–   find P(X2) from pmf.   x           p=.01     p=.05     p=.1
  –   find P(X2) from cdf.           0
                                      1
                                              0.904
                                              0.996
                                                        0.599
                                                        0.914
                                                                   0.349
                                                                   0.736
  –   Find P(2 X 5) from pmf.       2       1.000     0.988      0.930
                                      3       1.000     0.999      0.987
  –   Find P(2 X 5) from cdf.       4       1.000     1.000      0.998
                                      5       1.000     1.000      1.000
                                      6       1.000     1.000      1.000
                                      7       1.000     1.000      1.000
                                      8       1.000     1.000      1.000
                                      9       1.000     1.000      1.000
                                     10       1.000     1.000      1.000
 Mean and Variance of Binomial
• Give summations necessary for finding
  mean and variance of a random variable.




• Summations simplify to
  – The mean of a binomial is np.
  – The variance is np(1-p).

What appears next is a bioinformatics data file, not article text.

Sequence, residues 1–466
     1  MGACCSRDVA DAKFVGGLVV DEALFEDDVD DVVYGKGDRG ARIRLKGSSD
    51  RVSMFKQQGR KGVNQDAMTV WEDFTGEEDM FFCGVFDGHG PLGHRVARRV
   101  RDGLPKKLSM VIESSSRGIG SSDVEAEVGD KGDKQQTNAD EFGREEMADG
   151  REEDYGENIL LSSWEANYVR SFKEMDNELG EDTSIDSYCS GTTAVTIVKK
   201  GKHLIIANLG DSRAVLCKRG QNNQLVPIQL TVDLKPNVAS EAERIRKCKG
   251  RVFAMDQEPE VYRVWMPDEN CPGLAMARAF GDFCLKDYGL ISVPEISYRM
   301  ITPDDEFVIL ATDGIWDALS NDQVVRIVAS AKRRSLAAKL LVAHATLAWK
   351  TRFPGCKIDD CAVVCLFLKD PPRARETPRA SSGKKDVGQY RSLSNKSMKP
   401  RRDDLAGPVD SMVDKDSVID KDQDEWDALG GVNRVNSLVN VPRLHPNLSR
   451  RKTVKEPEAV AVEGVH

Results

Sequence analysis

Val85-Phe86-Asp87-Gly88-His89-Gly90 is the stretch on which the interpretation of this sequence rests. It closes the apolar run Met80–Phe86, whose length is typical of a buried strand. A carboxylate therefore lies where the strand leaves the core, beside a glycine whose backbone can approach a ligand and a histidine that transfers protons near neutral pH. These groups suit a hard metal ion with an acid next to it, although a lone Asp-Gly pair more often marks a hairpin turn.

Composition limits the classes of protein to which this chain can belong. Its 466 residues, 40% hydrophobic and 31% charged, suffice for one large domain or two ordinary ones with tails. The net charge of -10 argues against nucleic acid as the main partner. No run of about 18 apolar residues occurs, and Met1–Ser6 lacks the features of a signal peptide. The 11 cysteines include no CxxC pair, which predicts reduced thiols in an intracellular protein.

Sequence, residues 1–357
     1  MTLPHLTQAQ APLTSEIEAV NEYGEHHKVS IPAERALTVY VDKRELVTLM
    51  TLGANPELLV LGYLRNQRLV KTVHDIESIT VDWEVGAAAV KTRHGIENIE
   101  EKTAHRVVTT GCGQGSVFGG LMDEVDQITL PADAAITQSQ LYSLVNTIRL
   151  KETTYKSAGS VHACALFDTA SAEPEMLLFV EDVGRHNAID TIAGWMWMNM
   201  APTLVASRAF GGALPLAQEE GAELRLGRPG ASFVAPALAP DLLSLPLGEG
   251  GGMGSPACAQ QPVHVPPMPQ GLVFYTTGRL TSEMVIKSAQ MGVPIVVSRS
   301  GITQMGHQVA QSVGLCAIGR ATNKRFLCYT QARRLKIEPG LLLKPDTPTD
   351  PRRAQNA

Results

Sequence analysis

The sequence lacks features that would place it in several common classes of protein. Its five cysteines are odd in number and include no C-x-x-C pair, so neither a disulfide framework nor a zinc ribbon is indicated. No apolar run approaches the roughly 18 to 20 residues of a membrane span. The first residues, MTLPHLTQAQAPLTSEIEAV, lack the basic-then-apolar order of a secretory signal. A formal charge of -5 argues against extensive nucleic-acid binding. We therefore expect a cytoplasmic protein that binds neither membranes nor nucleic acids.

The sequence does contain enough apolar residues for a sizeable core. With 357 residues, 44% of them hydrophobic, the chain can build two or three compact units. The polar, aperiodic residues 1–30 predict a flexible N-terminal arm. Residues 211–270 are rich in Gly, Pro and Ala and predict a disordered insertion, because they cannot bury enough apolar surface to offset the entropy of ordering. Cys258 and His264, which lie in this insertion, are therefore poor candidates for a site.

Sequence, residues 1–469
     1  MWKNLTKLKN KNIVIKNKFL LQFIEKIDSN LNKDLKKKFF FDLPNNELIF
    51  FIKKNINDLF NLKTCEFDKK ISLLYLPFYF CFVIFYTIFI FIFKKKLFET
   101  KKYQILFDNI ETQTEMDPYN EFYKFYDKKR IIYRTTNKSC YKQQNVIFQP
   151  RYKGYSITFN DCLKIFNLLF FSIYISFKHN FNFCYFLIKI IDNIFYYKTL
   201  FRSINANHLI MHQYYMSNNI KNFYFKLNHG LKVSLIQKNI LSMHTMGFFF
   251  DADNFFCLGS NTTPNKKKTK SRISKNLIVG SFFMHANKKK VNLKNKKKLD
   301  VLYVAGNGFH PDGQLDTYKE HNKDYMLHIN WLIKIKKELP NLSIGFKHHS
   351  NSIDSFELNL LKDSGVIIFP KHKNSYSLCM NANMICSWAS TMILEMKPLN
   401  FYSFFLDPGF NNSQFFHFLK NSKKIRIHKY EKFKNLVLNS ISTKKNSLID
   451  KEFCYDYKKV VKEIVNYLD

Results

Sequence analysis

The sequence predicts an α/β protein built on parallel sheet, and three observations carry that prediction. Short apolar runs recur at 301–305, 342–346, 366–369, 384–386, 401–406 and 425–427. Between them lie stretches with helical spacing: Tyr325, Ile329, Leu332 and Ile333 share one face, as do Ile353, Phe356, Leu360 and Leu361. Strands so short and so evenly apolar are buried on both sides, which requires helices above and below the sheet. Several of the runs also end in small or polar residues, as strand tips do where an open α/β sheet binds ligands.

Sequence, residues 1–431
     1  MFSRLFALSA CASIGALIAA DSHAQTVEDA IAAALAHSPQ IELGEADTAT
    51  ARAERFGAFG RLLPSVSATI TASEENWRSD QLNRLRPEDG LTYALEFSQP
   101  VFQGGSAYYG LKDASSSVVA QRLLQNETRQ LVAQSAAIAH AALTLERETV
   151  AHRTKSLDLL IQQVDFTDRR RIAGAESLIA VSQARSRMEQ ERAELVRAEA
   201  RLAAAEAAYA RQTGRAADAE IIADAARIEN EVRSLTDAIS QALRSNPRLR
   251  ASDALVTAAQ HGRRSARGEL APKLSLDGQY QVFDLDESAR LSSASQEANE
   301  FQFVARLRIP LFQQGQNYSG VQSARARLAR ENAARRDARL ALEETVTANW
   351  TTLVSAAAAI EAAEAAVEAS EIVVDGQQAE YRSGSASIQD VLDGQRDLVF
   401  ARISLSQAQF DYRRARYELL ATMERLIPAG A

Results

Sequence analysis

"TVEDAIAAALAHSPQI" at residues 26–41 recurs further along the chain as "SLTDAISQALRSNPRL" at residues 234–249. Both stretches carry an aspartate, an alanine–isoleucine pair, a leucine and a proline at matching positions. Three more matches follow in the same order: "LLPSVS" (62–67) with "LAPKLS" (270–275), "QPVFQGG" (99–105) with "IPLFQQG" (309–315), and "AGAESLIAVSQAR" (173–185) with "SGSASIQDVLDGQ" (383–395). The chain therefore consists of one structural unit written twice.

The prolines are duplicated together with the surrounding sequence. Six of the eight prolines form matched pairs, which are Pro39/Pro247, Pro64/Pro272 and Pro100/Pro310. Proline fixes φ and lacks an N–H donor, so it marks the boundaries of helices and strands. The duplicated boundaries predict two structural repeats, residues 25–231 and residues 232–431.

Hypergeometric Random Variables
• Recall what hypergeometric probabilities are used
  for. Think of an application of hypergeometric
  probabilities.

• Let X be the number of successes obtained when
  sampling from a population of size N with M
  successes and N-M failures. X is a hypergeometric
  r.v. What is the pmf of X? Note instead of p(x),
  pmf is labeled h(x;n,M,N).
         Mean and Variance
• The mean of a hypergeometric r.v. is
                      M
                    n
                      N
• The variance is np(1-p).

              N n M  M 
                    n 1  
              N 1  N    N
 Relationship between binomial
      and hypergeometric.
• One application of binomial is sampling
  from finite population of S and F with
  replacement.
• While the hypergeometric is sampling w/o
  replacement.
         Recall HW problem:
• 10000 boards, 2000 of which are green.
  Sample 2 boards . Are the events “1st
  board is green” and “second board is green”
  independent if sampling is done
  – w/ replacement
  – w/o replacement
  – Suppose instead there are only 10 boards, 2 of
    which are green and the sampling is done
    w/replacement.
  – W/o replacement
  Compare mean and variance.
• Set p=M/N. Sample size of n.
• What is the expected number of successes if
  sampling is done with replacement?
  Without replacement?

• What is the variance of the number of
  successes if sampling is done with
  replacement? Without replacement?
                     Notes
• You should know and/or be able to derive pmfs of
  Binomial and Hypergeometric random variables.
• You should know mean and variance of each.
• You should be able to use tabulated cdf for
  Binomial random variables.
• You are not responsible for the negative binomial
  r.v. described in section 3.5 or the Poisson r.v
  described in section 3.6. However, you should be
  able to work with these and potentially other
  random variables if details are given.